Snowden enlisted in the Army in 2003 and began training to join the Special Forces. He told the Guardian: “I wanted to fight in the Iraq war because I felt like I had an obligation as a human being to help free people from oppression.” He quickly found, though, that, in his words, “Most of the people training us seemed pumped up about killing Arabs, not helping anyone.” Snowden broke both legs in a training accident and was discharged.
In several key respects, the experiences of Snowden resemble those of Bradley Manning. Both took the enlisted person’s oath to “support and defend the Constitution of the United States against all enemies, foreign and domestic.” As a condition of employment, both signed a promise not to disclose classified information; and both witnessed at close hand flagrant abuses that their consciences told them they needed to expose.
Continue reading at: http://www.commondreams.org/view/2013/06/10-7
You could soon be eating imported seafood, beef or chicken products that don’t meet even basic U.S. food safety standards.
If you think the U.S. government is doing a sub-par job of keeping your food safe, brace yourself. You could soon be eating imported seafood, beef or chicken products that don’t meet even basic U.S. food safety standards. Under two new trade agreements, currently in negotiation, the U.S. Food and Drug Administration (FDA) could be powerless to shut down imports of unsafe food or food ingredients. And if it tries, multinational corporations will be able to sue the U.S. government for the loss of anticipated future profits.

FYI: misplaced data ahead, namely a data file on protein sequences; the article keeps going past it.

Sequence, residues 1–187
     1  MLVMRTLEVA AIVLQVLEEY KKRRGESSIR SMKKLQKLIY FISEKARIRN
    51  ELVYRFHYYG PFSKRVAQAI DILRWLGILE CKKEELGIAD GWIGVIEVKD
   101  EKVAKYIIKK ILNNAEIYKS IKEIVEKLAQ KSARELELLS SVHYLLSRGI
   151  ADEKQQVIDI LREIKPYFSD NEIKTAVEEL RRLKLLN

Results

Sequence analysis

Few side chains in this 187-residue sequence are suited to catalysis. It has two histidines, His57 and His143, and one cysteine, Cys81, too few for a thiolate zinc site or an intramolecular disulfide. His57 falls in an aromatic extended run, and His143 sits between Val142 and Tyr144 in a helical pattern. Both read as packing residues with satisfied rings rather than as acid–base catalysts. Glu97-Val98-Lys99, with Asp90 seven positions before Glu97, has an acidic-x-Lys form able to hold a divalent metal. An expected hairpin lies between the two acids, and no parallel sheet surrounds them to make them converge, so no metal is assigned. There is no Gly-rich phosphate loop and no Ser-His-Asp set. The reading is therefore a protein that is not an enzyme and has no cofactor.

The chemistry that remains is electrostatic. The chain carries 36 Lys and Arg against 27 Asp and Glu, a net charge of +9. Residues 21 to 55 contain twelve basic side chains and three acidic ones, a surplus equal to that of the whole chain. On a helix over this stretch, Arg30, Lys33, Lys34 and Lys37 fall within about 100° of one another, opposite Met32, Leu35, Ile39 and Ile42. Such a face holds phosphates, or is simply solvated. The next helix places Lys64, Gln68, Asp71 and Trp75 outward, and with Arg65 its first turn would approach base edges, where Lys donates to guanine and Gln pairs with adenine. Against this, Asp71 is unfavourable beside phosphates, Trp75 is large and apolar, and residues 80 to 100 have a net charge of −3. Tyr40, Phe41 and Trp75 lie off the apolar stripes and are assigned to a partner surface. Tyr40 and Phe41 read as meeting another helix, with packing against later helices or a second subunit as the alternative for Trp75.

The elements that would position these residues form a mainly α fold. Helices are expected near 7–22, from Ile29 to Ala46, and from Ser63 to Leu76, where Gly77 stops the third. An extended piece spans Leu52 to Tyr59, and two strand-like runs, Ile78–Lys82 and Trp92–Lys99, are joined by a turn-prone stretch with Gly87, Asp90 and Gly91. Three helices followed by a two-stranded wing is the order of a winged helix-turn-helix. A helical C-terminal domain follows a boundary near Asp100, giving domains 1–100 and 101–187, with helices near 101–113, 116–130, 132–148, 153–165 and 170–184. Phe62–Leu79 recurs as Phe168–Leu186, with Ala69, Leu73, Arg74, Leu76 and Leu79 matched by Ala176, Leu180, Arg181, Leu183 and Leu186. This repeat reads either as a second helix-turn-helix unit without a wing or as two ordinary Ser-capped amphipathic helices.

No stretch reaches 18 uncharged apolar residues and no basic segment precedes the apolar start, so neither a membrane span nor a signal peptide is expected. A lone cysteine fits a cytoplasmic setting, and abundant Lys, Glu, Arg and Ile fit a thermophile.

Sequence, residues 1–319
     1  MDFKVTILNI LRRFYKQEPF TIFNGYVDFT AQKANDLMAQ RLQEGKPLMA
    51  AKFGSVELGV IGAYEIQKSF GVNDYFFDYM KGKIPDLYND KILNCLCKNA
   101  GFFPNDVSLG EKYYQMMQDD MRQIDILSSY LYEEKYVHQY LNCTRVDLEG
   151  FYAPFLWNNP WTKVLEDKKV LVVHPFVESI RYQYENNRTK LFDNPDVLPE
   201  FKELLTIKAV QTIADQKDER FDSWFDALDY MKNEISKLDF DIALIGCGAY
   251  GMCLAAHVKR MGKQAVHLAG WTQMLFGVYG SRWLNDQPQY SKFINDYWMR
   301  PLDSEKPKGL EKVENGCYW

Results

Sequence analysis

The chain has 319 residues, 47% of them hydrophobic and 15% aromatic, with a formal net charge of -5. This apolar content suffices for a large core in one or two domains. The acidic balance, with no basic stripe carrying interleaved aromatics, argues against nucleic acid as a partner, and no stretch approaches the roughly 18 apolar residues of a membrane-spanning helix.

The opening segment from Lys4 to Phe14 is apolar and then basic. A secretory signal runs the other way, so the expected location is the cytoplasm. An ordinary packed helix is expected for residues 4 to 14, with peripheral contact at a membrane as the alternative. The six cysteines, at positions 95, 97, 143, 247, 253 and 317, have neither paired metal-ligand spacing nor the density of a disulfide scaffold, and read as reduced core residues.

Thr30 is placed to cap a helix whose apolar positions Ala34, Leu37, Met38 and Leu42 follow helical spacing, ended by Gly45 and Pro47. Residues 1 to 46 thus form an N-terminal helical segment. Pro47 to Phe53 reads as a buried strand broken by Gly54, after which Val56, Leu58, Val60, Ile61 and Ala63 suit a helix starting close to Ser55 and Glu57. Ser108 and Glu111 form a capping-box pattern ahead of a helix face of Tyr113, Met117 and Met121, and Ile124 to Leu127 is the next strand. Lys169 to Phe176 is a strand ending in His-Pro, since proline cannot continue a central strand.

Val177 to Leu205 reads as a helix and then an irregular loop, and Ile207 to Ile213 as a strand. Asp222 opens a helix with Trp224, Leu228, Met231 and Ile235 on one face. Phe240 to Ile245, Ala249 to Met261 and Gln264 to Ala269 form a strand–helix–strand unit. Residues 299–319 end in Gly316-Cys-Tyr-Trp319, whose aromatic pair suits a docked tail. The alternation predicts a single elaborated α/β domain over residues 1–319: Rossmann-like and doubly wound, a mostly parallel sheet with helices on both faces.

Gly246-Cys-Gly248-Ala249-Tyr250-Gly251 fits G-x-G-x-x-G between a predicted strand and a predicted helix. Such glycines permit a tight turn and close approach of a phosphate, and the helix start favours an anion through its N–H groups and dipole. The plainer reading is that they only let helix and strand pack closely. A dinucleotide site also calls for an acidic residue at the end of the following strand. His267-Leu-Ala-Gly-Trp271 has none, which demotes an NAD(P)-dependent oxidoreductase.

More frightening? Negotiations for both agreements are taking place behind closed doors, with input allowed almost exclusively from the corporations and industry trade groups that stand to benefit the most. And the Obama Administration intends to push the agreements through Congress without so much as giving lawmakers access to draft texts, much less the opportunity for debate.
Designed to grease the wheels of world commerce, the Trans-Atlantic Trade and Investment Partnership (TTIP) and the Trans-Pacific Partnership (TPP) would force the U.S. and other participating countries to “harmonize” food safety standards. That means all countries that sign on to the agreement would be required to abide by the lowest common denominator standards of all participating governments. So for instance, say Vietnam allows higher residues of veterinary antibiotics in seafood than the U.S. allows, and Vietnam and the U.S. both sign on to the TPP. As a trade partner, the U.S. could be forced to lower its standards to allow for imports of seafood from Vietnam – or face a lawsuit by the seafood exporter for depriving the company of future sales of its products in the U.S.